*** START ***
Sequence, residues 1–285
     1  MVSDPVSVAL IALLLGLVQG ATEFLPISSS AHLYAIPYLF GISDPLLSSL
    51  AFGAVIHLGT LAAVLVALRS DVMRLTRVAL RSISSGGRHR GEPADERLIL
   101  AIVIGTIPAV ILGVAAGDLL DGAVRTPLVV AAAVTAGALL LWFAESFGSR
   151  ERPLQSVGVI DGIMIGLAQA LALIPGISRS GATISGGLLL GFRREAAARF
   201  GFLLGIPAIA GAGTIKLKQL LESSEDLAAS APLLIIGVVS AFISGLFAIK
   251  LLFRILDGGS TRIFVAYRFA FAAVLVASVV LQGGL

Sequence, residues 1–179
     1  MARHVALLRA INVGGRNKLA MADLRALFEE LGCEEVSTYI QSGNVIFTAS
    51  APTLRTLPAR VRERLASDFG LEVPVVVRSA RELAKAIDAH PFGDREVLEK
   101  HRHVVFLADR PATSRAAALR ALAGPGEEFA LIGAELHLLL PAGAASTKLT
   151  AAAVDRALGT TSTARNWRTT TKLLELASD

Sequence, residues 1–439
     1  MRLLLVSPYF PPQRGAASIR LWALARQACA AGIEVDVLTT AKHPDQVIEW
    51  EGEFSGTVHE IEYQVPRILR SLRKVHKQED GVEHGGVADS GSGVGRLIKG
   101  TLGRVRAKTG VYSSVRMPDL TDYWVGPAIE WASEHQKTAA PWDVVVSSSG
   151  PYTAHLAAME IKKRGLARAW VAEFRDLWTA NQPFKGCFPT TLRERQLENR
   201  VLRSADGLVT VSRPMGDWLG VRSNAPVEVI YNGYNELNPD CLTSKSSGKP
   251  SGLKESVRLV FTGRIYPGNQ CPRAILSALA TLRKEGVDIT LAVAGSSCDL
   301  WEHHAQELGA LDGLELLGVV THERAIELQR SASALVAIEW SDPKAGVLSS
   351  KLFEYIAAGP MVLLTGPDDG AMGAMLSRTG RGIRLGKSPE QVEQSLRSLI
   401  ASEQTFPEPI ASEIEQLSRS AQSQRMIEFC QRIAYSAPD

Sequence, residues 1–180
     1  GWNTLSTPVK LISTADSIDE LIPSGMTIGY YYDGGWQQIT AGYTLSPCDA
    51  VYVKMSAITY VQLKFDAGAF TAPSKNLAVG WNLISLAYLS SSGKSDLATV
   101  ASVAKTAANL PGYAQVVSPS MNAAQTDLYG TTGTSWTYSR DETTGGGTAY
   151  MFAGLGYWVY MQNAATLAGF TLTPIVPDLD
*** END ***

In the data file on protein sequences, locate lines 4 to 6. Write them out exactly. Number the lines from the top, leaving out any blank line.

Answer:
   101  AIVIGTIPAV ILGVAAGDLL DGAVRTPLVV AAAVTAGALL LWFAESFGSR
   151  ERPLQSVGVI DGIMIGLAQA LALIPGISRS GATISGGLLL GFRREAAARF
   201  GFLLGIPAIA GAGTIKLKQL LESSEDLAAS APLLIIGVVS AFISGLFAIK